In 1851, Prince Albert strove for the “improvement of public taste in design,” and the eclectic V&A continues the philosophy. There are seven floors split into 150 galleries containing ancient Chinese ceramics, Korean bronze, and Japanese swords, as well as cartoons by Raphael, gowns and jewels from the Elizabethan era and much more. Across the road, children can cast themselves into the stratosphere with hundreds of hands-on exhibitions at the Science Museum.    

A new perspective from Parliament Hill   

For the best views of the city, most people take the high-speed elevator to the top of The Shard. Sure, the panoramas are incredible, but for an alternative outlook, head to Hampstead Heath for one of the highest points in the capital. You can see every stretch of the skyline and the 790 acres of untamed parkland is ripe for exploration.  

Crowded city street in West End

Take in a show in the West End    

We can’t deny that New York’s Broadway is a big deal, but we think nothing compares to the West End when it comes to blockbuster musicals and groundbreaking theater. The streets around Covent Garden and Shaftesbury Avenue glow with theaters and the variety on offer is astounding. From jukebox musicals and long-running classics to star-studded plays and world-class opera, the area is abuzz with creativity.  

Getting tickets to the biggest shows requires planning to avoid overpaying on the secondary market. Always book as far in advance as possible and follow ticket links from the official theater or production’s websites to ensure you’re buying valid tickets at the right price. For a suitably theatric pre-show dinner, book a counter seat at J Sheekey—a Covent Garden icon that serves beautifully fresh seafood cooked simply and best enjoyed with fine champagne.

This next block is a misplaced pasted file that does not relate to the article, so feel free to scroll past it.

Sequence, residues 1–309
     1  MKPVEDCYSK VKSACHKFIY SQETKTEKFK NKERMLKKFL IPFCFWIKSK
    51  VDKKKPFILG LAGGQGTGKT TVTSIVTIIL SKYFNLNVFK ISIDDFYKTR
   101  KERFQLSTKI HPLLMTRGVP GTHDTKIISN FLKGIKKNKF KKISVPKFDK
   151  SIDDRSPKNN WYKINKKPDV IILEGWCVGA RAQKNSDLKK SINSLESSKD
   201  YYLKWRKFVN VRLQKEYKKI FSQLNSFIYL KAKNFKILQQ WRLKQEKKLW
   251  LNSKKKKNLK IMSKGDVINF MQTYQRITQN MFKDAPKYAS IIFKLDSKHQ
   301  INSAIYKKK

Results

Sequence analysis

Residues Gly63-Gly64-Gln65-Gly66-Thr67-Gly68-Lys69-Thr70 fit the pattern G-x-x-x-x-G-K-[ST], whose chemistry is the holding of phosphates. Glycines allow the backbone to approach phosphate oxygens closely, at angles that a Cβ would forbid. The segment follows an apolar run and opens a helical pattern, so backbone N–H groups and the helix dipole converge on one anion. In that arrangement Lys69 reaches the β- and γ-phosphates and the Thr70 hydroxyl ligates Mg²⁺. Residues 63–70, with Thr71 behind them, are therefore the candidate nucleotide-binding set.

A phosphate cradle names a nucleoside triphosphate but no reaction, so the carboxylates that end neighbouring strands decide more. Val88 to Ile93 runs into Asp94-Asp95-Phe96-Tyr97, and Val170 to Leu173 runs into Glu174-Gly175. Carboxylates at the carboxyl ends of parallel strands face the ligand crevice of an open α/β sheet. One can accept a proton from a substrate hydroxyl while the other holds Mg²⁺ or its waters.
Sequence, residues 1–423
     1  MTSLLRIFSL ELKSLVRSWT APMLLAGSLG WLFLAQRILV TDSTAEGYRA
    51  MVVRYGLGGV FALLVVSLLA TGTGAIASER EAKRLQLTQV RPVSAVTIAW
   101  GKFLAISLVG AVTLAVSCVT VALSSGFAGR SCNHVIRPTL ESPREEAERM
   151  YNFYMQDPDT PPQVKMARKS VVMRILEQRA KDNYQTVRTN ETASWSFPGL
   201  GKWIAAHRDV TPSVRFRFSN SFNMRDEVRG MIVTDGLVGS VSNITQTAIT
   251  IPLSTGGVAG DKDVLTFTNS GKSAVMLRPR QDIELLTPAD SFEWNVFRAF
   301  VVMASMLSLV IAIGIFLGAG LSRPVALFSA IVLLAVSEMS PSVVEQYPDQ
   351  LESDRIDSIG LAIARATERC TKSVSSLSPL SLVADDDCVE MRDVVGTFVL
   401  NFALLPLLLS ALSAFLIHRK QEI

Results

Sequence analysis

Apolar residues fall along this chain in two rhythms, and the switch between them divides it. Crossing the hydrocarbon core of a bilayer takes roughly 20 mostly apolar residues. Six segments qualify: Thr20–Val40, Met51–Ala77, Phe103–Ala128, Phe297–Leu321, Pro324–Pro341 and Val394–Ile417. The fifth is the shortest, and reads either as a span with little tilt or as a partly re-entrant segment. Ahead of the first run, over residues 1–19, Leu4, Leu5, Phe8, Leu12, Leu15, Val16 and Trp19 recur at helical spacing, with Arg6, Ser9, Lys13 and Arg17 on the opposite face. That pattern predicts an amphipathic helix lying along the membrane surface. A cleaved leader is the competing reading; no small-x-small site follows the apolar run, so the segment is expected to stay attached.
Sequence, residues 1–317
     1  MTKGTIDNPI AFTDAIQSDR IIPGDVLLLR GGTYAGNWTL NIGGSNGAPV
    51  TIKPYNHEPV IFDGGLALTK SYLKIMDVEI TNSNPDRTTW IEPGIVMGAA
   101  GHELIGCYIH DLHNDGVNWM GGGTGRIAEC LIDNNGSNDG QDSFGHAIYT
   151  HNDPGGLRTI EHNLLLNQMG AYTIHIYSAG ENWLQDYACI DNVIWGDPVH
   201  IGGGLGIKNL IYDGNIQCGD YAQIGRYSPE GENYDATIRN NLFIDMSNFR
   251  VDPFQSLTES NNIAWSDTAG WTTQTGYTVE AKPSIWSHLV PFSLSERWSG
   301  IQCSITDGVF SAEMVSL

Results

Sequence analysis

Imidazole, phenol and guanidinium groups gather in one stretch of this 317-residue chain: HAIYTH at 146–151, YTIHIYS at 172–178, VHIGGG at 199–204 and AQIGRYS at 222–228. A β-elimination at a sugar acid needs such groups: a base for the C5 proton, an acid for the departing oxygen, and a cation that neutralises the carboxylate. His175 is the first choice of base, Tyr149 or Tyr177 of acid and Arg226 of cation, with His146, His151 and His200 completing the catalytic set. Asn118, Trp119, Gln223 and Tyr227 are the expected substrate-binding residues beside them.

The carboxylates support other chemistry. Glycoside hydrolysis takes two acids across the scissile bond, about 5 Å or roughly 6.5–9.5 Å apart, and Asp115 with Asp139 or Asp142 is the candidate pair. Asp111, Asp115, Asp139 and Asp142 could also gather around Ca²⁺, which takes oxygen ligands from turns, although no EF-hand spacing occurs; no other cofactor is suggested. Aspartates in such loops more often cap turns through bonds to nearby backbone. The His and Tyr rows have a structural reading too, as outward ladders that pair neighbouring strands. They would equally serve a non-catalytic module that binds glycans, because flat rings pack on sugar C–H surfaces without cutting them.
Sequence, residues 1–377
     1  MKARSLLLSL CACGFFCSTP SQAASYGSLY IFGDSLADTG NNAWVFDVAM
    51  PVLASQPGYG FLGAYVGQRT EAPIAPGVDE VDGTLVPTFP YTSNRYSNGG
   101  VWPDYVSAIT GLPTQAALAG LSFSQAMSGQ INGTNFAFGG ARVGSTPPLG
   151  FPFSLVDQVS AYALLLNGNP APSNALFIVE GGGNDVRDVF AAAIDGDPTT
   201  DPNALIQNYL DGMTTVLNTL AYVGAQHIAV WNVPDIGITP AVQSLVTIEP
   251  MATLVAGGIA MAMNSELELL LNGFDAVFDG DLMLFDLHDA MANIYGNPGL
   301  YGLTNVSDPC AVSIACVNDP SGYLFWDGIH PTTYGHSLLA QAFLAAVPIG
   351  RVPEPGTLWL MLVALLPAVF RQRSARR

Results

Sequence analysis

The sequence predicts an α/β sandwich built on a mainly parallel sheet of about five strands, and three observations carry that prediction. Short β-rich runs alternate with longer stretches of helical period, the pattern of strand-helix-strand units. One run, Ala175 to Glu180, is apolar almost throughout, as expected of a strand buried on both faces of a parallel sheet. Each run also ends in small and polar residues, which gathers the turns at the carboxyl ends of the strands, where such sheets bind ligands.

Discover sports-obsessed London at its world-famous stadiums  

Every season, in every corner of the capital, football fans descend on the local football stadiums to watch their teams in action. From the great north London rivalry between Arsenal and Tottenham Hotspur to the title titans Chelsea F.C., London is home to some of the world’s greatest teams. Tickets are notoriously difficult to come by, but all the stadiums offer midweek behind-the-scenes tours. During cricket’s summer season, fans descend on the Oval to watch England do battle, and Twickenham roars with 82,000 rugby fans every autumn and winter.